Will The Mets Beat The Rest Of MLB For The Next Japanese Phenom??

With the MLB trade deadline fast approaching, New York Mets General Manager Billy Eppler is already setting his sights on the future.

According to reports from SNY, Eppler traveled to Japan earlier this year to scout Orix Buffaloes right-handed pitcher Yoshinobu Yamamoto.

The talented 25-year-old is expected to be posted for MLB teams this winter, and the Mets are among those closely monitoring his performance.

Yamamoto has been a standout pitcher in Japan, dominating the league with impressive statistics. This season alone, he boasts a remarkable 1.61 ERA with 110 strikeouts in 100 1/3 innings.

His extraordinary record has earned him four All-Star selections, two Pacific League MVP titles, and two Eiji Sawamura Awards, Japan’s equivalent of the Cy Young award.

Regarded as the best non-MLB prospect during the World Baseball Classic earlier this year, Yamamoto has a diverse arsenal of pitches that make him a formidable candidate for the major leagues.

His mid-90s fastball with excellent carry, a swing-and-miss splitter, and a high-spin curveball give him a strong command on the mound. However, questions remain about how his pitches will fare in the MLB setting, particularly his splitter.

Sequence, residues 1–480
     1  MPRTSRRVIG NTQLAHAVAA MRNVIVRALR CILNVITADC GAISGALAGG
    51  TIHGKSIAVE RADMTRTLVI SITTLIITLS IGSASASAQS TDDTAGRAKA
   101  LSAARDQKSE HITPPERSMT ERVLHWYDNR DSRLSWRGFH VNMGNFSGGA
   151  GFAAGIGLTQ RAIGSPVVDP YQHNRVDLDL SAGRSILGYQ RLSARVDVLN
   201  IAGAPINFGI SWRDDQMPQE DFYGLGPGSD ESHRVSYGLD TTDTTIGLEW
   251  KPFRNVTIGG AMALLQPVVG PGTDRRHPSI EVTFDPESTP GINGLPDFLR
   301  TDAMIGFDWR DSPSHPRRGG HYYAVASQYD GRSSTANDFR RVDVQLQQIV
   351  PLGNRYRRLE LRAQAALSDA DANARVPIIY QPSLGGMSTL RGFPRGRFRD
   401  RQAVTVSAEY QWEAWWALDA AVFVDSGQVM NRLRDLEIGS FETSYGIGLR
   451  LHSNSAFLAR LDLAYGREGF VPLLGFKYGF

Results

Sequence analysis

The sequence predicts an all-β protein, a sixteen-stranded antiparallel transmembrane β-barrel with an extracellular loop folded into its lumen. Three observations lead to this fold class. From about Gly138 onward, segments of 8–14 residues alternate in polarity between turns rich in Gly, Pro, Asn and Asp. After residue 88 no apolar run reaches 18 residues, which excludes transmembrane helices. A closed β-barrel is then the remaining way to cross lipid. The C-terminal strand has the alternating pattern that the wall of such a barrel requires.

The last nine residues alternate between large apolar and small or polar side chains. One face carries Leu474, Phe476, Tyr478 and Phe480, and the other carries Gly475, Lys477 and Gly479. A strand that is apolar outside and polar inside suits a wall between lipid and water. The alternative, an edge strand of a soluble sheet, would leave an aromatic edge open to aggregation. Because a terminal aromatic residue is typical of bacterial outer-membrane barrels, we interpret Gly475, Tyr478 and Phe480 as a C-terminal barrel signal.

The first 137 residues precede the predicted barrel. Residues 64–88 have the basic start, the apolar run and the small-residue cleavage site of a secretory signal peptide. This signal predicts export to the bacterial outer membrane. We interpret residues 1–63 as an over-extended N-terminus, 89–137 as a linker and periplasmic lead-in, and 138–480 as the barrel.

Despite this, the success of Japanese pitchers like Shohei Ohtani, Yu Darvish, and Masahiro Tanaka in recent years has bolstered optimism about Yamamoto’s potential.

One concern surrounding Yamamoto is his physical size, listed at 5-foot-10 with a slight frame. However, modern MLB teams seem to be more accepting of shorter pitchers due to the increased emphasis on the vertical approach angle concept and the reduced workload expectations for starters.

Many scouts project Yamamoto as a #2 starter in big leagues, showcasing his immense potential.

Due to his age when posted, Yamamoto will not be subject to MLB’s international bonus rules and will be free to sign a contract of any size. The team that signs him will, however, need to pay the Buffaloes a posting fee based on the agreed contract.

The record-breaking seven-year, $155 million deal secured by Masahiro Tanaka with the New York Yankees serves as a reference point for such negotiations.

The Mets current pitching roster for 2024 includes four contracted starters: José Quintana, Max Scherzer, Kodai Senga, and Justin Verlander.

However, the latter two may be trade candidates as the deadline approaches. Regardless, a pitcher of Yamamoto’s caliber would be a valuable addition to the rotation.

Eppler has a track record of acquiring Japanese talent, having played a significant role in bringing Tanaka to the Yankees and enticing Ohtani to the Los Angeles Angels while serving as their GM.

In the previous offseason, he also signed Kodai Senga with the Mets.

While this experience does not guarantee the Mets success in landing Yamamoto, it demonstrates Eppler’s familiarity with the Japanese player market.

The upcoming free-agent class appears relatively thin, with Ohtani standing as the premier target. Consequently, Yamamoto could quickly become one of the most sought-after free agents in the league.

Should the Mets sign Yamamoto?

Do you think he’ll be as good as Tanaka, Darvish (and dare I say, Ohtani)?